Violence: The Spectre of 2012

As 2013 approaches, the casualties of the past year continue to pile up. The 23-year old gang-rape victim from Delhi just passed away, and a public official is a victim of the violence-protesting riots. The historic Israel-Palestine conflict escalated this year, and with it, the Israeli and Palestinian deaths piled up: in the November 2012 bombings by Israel, nearly 200 Palestinian casualties were reported. In the Syrian civil war, the number of casualties approaches 50,000. Drug violence in Mexico, Kenya invaded Somalia, rebel violence in DR Congo and especially shocking for Americans, the Sandy Hook shooting…. If the names of the victims of international violence in 2012 were carefully compiled, it could easily fill a book.

If there is a time to reflect on this year and its violence, its becoming part of our past is as good a time as any. In his book,The Better Angels of our Nature, Harvard psychologist Stephen Pinker discusses the statistically proven decline of violence. Though the number of victims of violence may be down, the impact that global violence has on our lives is much more acute. 2012 provided a great deal of evidence for examining this impact, with more technological variety than ever before.
This violence was pushed upon us from every angle by the media, and by this I am referencing not only journalism but film, talk shows, and sometimes art. We were subjected to countless photos of dead children in Syria, a 14-minute trailer of a film deemed anti-Islamic that has been awarded responsibility for outbreaks of violence in Libya and Egypt, countless articles, television and radio conversations, op-eds, blog posts, and memes.

Thinking about how violence is portrayed, and the impact the various methods of portrayal have on our behavior is important. Doing so may not have any direct impact in preventing or moderating an act of violence. Yet long-term, indirect impacts, while difficult to quantify, are significant.

Some, like Nicholas Kristof of the New York Times, are calling for journalists to more carefully consider the potential their work can have for instilling compassion, thereby bringing about change. So many in the media are talking about how we can inspire people to bring about change by flashing tear-jerking images or powerful metaphors, or, as Kristof says by just finding some small, powerful piece which can make us concerned about larger issues. The media is doing everything in their creative power to get us to care, at least enough to read another article, but in practice, do they earn more than a fleeting “Oh, how terrible…”, or “How sad”? Perhaps with the bombardment of information, that’s all we can afford. If we permitted ourselves an emotional reaction to every sad story we heard, we wouldn’t be able to live our lives.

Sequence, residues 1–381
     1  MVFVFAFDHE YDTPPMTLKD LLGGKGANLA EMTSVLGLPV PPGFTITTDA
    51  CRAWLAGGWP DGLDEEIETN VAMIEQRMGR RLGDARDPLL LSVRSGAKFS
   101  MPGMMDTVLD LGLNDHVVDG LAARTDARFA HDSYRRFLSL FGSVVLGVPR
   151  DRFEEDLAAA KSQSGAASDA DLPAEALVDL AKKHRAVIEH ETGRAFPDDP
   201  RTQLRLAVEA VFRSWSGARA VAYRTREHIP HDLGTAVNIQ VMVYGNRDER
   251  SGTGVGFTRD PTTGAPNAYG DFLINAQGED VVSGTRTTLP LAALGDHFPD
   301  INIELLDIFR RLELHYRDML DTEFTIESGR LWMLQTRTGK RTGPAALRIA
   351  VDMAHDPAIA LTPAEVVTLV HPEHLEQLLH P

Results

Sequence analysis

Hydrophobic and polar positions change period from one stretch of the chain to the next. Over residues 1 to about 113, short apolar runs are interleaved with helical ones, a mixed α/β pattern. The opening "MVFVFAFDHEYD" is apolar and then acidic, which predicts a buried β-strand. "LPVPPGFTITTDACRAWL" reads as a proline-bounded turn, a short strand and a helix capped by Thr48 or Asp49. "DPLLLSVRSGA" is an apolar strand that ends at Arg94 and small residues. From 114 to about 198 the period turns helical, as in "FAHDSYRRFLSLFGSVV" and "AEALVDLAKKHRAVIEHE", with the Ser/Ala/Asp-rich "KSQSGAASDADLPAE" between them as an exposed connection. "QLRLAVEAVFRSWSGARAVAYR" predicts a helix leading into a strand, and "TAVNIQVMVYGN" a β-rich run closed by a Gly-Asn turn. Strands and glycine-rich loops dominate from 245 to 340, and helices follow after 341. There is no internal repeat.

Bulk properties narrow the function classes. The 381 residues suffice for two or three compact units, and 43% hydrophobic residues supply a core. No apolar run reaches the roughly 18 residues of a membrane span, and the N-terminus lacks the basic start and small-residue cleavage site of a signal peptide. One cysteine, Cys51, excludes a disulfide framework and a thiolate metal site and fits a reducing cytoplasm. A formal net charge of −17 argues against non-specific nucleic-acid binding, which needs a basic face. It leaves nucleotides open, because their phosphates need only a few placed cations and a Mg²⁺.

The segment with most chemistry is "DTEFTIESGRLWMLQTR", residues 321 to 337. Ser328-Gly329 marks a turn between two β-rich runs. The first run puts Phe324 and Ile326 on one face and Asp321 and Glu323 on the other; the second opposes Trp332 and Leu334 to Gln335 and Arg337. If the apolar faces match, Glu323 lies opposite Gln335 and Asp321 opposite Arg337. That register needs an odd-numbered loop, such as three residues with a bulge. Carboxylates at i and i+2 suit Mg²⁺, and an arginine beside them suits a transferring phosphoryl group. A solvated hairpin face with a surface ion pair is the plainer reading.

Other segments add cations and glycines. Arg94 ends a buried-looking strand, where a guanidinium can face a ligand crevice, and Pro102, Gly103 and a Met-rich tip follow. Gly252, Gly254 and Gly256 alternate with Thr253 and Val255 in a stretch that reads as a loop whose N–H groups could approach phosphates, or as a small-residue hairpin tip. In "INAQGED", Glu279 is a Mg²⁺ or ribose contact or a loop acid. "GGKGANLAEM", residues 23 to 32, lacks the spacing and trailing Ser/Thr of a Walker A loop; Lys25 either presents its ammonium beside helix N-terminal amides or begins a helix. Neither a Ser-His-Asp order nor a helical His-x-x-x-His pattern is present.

If we could be more active recipients of these tales of violence, would we learn and grow more as citizens with a now global responsibility? Perhaps part of the reason that violence has seen the decline Pinker describes is because we’ve illuminated it. People now feel the pressure of a lurking film camera or scribbling journalist, impacting their decisions. The media in many ways has made it easier than ever to receive information. Even if violence has declined, it seems that the remaining violence is not impacting us to say or do anything about it despite the wealth of information available about it. Next time we hear a story about an international massacre, shooting, war, genocide, etc. that strikes us, maybe we can think a little harder about what is actually happening there, and what we can do about it.

The fault is not with the journalists, and not necessarily with the reader. I think that if the reader met the news purveyor with a more willing and active ear, more would ultimately be done to resolve them. If we, as outside observers, met them halfway and stepped up to an article, film or talk show with a critical and thoughtful eye, maybe we’d demand more change or donate more money or talent to helping those living in a violent situation, and thus infinitely less fortunate than so many of us. Just reflect on how little impact a million thoughts of “oh, how sad” has on the world – I think we can do more. Two heads are better than one, and a million compassionate and thoughtful hearts are better than none.